HON. JOHN W. McCLELLAN. - Not alone through the interesting fact that he is the son of Hugh McClellan, until
his decease one of the most prominent and influential men of the county, but also by reason of his own intimate
identification with public affairs and his own successful incumbency of the office of state legislator, which he
filled for two consecutive terms, is Mr. John W. McClellan. one of the distinguished men of the county and state.
His political career practically dates from 1906, at which time he became the Republican nominee for assemblyman,
being elected in 1906 and 1908, and serving during the sessions of 1907 to 1909, including the extra sessions.
So thoroughly worthy has been his political life, and so ably has he discharged his numerous responsibilities on
behalf of the people, that he has made friends even among the opposite party, who readily accord him the homage
due a conscientious and painstaking servant. He was chosen by his colleagues as chairman of the live stock, dairy
and dairy products committee, and otherwise rendered his constituents valuable service on the other committees
of the assembly; among them, the ways and means committee.
To Hugh W. McClellan belonged the distinction of being one of the earliest residents of Van Dusen township, as
well as one of its most extensive landowners. Innumerable landmarks in the community bespeak the far sightedness
and enterprise of this honored pioneer, who recognized in the advantages of soil, climate and situation, splendid
opportunities for the fulfilling of large ambitions and for the leading of peaceful, contented and successful lives.
At the time of his decease, December 31, 1911, he was the owner of a vast estate, numbering twelve thousand acres,
which he devoted to the raising of sheep.
The record of the McClellan family in America is traced back to the seventeenth century when its first representative
crossed the untried waters of the Atlantic, settling in Maine. A descendant of this immigrant later went to Massachusetts,
where Hugh McClellan was born near Deerfield. Gold having been discovered in California, which was to prove the
talisman to draw thousands of emigrants to this state, the father decided to try his fortunes in the west, and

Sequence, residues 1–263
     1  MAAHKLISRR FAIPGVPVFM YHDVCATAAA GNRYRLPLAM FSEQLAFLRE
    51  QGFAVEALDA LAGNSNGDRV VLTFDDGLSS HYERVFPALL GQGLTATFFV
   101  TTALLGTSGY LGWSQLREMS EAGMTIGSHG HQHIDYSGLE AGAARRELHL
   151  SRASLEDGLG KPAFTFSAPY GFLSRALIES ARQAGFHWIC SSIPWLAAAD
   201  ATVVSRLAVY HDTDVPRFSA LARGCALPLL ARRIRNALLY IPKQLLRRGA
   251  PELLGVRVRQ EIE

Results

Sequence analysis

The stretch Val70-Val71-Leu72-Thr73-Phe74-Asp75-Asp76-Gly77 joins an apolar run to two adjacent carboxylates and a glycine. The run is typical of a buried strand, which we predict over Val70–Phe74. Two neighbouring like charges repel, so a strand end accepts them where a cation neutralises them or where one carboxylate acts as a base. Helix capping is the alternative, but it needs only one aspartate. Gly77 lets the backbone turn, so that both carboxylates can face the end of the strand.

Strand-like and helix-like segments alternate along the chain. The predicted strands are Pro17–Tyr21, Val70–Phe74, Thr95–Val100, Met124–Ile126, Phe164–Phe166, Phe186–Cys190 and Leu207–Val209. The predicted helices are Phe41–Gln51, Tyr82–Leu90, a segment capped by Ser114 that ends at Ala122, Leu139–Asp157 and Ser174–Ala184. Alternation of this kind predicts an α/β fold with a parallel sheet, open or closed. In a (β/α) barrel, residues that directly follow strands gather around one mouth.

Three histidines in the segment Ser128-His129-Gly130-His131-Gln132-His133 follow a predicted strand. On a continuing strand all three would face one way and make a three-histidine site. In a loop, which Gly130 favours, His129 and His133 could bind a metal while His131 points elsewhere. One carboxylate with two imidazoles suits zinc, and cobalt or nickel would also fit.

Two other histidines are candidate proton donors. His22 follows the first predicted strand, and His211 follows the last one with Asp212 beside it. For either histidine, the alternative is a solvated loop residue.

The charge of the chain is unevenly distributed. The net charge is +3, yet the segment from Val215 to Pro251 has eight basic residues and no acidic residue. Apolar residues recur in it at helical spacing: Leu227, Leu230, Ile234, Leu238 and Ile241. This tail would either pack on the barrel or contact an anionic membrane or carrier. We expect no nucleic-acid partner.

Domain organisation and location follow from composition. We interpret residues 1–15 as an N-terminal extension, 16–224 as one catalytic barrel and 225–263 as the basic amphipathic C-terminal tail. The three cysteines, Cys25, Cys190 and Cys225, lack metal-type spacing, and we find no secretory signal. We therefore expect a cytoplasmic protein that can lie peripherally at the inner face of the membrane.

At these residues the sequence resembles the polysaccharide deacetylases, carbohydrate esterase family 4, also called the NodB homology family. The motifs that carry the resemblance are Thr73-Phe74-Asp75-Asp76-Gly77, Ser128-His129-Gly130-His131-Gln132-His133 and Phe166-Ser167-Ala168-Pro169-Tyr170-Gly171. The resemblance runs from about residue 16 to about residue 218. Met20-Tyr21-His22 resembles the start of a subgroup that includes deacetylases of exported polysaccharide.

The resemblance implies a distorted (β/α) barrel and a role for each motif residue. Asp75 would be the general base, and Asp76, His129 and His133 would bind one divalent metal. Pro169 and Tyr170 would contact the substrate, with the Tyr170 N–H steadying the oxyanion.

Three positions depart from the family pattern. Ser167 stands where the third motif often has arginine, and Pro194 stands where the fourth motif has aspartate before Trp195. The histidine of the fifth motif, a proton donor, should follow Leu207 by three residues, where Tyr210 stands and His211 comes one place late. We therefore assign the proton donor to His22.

came, in 1852, via the Isthmus, settling first at Crescent City, Del Norte county. Few people had as yet been attracted
to the boundless west and few also realized its matchless possibilities of production as did young McClellan, who
was engaged for a time after coming here in operating a pack train to and from the mines of Del Norte county, to
southern Oregon mines and points in Idaho. Abandoning the mines in 1867, he came to Humboldt county and in Van
Dusen township took up a claim, erecting thereon a cabin which is still standing. Ten years later this rude structure
gave way to a more commodious and comfortable home, built of logs, which is now one of the landmarks of this locality.
Possessing traits that enabled him to surmount all obstacles, he added to his landed possessions from time to time
until at his death he was the owner of a large estate, which he devoted to stock raising. When this property came
into the possession of J. W., however, he, in 1914, disposed of the sheep which he found to be no longer profitable
on account of the devastation of his flock by the coyotes, and engaged in raising Hereford and Durham cattle for
the market. He was married in Ferndale, in 1905, being united with Miss Lucy, the daughter of Dr. William H. Michel.
She is a native daughter of Mendocino county. They occupy a handsome residence on the home place, which indeed
has no superior in this beautiful locality. Mr. McClellan is a member of Eureka Lodge No. 652, B. P. O. E., and
of Humboldt Parlor, N. S. G. W.
History of Humboldt County, California
With a Biographical Sketches
History by Leigh H. Irving
Historic Record Company
Los Angeles, California 1915
Humboldt County, CA
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